That’s something that Rodrigo y Gabriela go to prove. The acoustic guitar duo has gained worldwide acclaim through their minimalist, but extraordinary, approach to modern music. Heavy overdriven guitars, screaming organs, booming bass lines, and crashing drums are good and all, but Rodrigo y Gabriela remind us that music isn’t just in the technology – it’s in the soul. Their spirited writing, wildly innovative playing and their great showmanship combine to take us away from the highly technological 21st century music scene and put the muse back in music.
Their musical history is a relatively brief one. Hailing from Mexico City, both were members of a metal band, aptly named ‘Tierra Ácida.’ They performed regular gigs around the city, and were well established as excellent musicians. But, both Rodrigo and Gabriela became disillusioned with the city’s music scene, and they were desperate to try something new. In 2000, they ended up leaving their roots, selling their equipment, and shipping off across the pond to Dublin. They heard that it was a good starting point for wandering musicians, and in their attempt to forge new ground for themselves, both stylistically and monetarily, they bought some acoustic guitars and began doing duo performances.
They began as many travelling musicians do, playing pubs, bars, restaurants, and of course, busking. Although this seemed a step down from where they were in Mexico City, they were enthralled with their gigs, as they had much more flexibility in style and genre to work with. Rather than playing metal or thrash, they were forced to play acoustic up-tempo originals and covers. Some covers were of metal bands, but their stunning versatility began to develop during this time. After several years of playing, in 2005 they got what they needed – Damien Rice asked them to open for him at the Oxegen Festival held in Ireland at the Punchestown Racecourse.
This led them to begin touring intensively from 2005 onwards. Beginning in the UK, their music quickly spread and they gained wide acclaim in Europe and beyond. Their first two albums – Foc and re-Foc – were released in 2001 and 2002, respectively. They didn’t attract wide audiences, but it helped them define their playing style and techniques in the early part of their musical career. They released their next self-titled studio album in 2006, Rodrigo y Gabriela. This gained huge acclaim in Ireland (especially due to their live performances for larger audiences), and it pushed back the Arctic Monkeys and Johnny Cash for #1 on the Irish Albums Chart. Several live albums have been released as well, chronicling their performance abilities. Their most recent studio album is 11:11, released in 2009. This final work demonstrates a real refining of their style explored in their earlier albums, but all of their earlier work is beautiful and absolutely worth listening to.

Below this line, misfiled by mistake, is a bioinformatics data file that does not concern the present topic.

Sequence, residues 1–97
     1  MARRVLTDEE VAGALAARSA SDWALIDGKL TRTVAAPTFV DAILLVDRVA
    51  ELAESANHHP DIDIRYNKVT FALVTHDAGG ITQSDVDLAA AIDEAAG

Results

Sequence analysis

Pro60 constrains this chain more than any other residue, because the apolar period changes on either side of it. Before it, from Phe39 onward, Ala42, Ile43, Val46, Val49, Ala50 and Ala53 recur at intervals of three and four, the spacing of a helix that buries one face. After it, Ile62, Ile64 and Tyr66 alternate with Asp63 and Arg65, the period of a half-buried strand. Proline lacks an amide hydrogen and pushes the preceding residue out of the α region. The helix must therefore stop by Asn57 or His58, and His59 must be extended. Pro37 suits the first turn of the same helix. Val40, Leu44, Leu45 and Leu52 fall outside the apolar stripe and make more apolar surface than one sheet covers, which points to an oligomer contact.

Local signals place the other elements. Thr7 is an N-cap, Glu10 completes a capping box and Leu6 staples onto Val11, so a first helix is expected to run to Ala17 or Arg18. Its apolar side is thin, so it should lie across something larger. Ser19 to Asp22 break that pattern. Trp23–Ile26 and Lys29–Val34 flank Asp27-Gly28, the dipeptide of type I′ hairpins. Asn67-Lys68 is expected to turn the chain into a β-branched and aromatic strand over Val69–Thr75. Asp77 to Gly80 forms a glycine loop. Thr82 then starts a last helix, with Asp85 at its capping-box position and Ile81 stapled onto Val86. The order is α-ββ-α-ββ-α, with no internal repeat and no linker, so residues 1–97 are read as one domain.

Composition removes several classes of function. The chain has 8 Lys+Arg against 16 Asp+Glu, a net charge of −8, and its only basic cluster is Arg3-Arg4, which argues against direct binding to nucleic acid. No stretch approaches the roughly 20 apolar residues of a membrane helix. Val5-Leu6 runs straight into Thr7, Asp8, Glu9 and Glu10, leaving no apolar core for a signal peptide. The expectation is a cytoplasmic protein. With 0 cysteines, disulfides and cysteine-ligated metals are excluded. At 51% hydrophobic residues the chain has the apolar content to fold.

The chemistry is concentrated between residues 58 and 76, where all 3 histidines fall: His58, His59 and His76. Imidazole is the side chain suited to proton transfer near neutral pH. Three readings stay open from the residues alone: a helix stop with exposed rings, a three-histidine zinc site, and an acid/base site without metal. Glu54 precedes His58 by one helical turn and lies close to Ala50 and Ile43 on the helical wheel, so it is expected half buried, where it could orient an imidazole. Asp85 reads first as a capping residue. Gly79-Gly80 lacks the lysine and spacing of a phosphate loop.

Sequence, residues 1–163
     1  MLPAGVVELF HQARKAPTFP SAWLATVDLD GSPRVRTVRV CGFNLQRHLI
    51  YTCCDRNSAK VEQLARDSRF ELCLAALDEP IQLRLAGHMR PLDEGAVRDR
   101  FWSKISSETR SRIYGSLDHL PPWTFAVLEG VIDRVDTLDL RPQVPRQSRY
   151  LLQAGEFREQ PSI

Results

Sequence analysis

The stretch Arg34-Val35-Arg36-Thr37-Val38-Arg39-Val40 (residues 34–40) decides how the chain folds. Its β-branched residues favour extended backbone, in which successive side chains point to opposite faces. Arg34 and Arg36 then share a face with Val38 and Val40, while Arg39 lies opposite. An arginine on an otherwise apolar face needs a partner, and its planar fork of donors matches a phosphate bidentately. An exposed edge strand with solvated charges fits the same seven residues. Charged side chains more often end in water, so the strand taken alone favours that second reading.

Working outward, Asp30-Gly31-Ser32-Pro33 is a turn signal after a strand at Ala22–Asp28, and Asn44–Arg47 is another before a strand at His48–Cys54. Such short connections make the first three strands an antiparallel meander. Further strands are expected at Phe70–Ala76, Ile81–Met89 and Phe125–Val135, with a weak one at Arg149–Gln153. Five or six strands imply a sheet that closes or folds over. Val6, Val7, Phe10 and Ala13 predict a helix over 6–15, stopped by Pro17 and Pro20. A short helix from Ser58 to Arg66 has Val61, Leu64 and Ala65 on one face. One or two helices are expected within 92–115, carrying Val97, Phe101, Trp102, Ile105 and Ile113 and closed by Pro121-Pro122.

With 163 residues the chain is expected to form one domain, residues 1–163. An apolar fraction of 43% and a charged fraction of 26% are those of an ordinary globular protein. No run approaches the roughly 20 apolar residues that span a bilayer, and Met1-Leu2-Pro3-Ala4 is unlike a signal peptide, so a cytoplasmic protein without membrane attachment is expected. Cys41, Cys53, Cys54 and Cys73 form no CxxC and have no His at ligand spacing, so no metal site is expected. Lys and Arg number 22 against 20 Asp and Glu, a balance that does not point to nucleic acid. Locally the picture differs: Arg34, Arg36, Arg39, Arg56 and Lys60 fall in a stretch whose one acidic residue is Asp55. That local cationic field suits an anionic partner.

Stylistically, they cover new territory. Their unique feature is, of course, that they perform all of their songs instrumentally, with only two classical guitars. No unnecessary over-producing, no excess sound or parts, no overly technological elements necessary. Rodrigo is the lead guitarist, offering intricate and technical melody lines and impressive metal guitar playing on his classical instrument. Gabriela is the heart and drive of the two. Her amazing rhythm style is absolutely what sets them apart from other acoustic groups. She uses her guitar as a percussive instrument while she plays chords. She offers drum beats while playing the chords that support Rodrigo’s shredding, and she gives powerful subtle rhythmic texture to Rodrigo’s unique melodicism.
On the whole, these two combine innovative musical approaches to rather standard musical equipment (by the standards of today’s technological focus) to achieve stunning results. They can serve as a reminder that music is what comes from the soul, not from the setup. Give them a listen and see for yourself.
3.) Buster Voodoo